Select Committee on Public Administration Appendices to the Minutes of Evidence

Memorandum by Rodney Brooke (PAP 22)

  The Department of Health has sent me your questionnaire on public appointments. The only question to which I wish to reply is No. 4:

Question 4:   What are the main priorities for improving the system of public appointments—should it for instance be to extend the range of people involved in bodies, to improve the effectiveness of the bodies in providing advice or administering services, or to change the balance so that elected national, regional or local government has more of a role in public life?

  Answer:  The experience of the General Social Care Council has been that extending appointments to those who themselves receive public services or are carers of those who do, has extended the range and depth of the decision making of its members. The GSCC must, by statute, have a majority of lay members on its Council. This principle has been extended to ensure that there is not only a significant lay membership but also membership of direct beneficiaries and service users. In a body established to regulate a profession such as Social Care Workers this principle has been welcomed and embraced by the majority of its stakeholders. It is a principle that we would commend to all public bodies. The effectiveness of public bodies engaged in offering advice or administering services is enhanced by the involvement of lay people. However "lay" should mean more than not currently in the profession. It should embrace the notion of listening to the voice of service users and actively seeking out those whose voices and views would not normally be heard.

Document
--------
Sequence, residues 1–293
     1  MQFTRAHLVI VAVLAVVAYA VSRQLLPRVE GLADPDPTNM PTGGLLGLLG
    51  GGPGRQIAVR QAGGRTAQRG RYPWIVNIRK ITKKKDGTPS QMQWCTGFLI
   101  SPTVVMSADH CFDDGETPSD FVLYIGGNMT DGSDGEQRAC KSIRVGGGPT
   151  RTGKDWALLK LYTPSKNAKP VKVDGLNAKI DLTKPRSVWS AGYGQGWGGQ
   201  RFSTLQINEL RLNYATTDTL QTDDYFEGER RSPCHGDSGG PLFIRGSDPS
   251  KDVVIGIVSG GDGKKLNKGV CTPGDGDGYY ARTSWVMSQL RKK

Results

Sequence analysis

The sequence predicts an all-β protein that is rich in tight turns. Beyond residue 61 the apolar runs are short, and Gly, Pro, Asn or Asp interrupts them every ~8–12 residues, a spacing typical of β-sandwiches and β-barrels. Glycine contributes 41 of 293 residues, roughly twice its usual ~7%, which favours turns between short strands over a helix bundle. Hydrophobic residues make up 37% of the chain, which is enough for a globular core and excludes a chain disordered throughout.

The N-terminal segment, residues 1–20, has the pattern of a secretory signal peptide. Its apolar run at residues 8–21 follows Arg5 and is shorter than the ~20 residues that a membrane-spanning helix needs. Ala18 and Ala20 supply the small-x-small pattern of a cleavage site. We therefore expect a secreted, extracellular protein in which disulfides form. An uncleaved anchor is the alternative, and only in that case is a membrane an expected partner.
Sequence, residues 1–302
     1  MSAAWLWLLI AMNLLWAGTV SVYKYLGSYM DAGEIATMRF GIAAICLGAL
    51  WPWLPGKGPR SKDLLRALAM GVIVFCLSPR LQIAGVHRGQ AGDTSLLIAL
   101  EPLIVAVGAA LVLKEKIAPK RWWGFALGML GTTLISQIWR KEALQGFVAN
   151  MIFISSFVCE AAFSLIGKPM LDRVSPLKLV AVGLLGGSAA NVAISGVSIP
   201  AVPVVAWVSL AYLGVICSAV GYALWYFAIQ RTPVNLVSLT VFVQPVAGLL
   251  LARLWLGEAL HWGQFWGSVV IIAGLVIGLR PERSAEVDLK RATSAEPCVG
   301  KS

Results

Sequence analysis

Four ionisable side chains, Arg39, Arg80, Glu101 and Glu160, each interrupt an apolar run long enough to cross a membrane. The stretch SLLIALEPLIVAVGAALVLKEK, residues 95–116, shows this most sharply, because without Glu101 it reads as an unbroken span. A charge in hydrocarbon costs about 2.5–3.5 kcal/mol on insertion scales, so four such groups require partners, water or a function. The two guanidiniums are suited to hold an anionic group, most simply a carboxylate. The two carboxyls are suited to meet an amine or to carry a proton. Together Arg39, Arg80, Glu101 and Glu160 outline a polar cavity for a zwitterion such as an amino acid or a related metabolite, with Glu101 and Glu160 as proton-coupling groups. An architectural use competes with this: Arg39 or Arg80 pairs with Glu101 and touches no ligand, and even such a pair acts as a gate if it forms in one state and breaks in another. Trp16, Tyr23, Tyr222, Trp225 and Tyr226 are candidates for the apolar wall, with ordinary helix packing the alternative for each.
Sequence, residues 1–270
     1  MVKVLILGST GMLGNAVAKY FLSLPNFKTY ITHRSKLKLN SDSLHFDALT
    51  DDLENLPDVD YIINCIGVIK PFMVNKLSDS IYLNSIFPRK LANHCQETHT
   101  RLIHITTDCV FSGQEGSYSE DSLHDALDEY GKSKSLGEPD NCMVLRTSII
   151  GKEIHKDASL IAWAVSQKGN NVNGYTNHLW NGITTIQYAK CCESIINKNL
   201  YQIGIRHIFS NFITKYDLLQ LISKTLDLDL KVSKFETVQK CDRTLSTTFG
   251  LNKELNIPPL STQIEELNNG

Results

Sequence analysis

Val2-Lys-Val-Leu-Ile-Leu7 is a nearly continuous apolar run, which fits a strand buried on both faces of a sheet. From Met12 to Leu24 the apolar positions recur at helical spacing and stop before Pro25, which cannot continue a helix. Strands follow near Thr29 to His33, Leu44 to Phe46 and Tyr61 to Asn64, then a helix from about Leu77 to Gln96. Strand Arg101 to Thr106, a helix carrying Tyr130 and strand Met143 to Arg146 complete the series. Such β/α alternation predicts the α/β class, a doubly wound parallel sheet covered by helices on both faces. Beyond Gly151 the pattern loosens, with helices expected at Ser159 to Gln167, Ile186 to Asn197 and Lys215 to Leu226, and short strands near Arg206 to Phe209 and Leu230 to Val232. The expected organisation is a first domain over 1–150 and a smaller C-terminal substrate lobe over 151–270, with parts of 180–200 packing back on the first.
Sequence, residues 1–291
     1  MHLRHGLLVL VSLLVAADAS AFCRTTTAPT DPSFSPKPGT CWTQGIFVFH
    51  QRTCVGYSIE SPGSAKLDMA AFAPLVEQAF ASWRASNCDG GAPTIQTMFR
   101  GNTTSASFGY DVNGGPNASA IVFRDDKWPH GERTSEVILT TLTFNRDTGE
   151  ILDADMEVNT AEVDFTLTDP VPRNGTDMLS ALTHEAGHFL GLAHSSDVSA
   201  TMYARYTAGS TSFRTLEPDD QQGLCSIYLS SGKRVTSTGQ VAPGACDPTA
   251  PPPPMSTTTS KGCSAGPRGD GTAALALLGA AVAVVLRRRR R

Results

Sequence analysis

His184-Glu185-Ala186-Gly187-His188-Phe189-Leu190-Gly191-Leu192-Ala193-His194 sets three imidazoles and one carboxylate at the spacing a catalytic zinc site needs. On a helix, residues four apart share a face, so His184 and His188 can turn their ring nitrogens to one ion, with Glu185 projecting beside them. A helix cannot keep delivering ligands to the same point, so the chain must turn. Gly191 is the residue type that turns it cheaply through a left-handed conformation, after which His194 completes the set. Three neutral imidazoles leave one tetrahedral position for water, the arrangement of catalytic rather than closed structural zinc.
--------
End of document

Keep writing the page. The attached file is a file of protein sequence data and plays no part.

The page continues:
The views are my own, but I am sure they would be shared by the other members of the General Social Care Council.

Rodney Brooke


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